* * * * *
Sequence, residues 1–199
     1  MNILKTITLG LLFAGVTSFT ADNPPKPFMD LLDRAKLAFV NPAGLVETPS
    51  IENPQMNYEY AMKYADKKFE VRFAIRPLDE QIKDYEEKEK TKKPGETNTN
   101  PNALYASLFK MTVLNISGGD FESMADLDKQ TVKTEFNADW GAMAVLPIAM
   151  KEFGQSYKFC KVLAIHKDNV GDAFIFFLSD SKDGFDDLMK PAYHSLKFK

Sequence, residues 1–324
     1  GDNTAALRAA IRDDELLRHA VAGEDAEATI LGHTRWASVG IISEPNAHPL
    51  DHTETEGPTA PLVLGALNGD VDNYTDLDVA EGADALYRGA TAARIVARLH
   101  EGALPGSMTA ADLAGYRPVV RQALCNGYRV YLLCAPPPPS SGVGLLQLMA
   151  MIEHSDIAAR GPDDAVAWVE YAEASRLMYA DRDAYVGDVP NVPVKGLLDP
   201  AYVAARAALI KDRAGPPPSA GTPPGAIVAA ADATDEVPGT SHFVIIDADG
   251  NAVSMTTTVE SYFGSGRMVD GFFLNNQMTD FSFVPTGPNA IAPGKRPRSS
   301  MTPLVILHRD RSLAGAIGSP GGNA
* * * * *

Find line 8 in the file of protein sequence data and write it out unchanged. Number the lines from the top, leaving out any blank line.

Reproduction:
    51  DHTETEGPTA PLVLGALNGD VDNYTDLDVA EGADALYRGA TAARIVARLH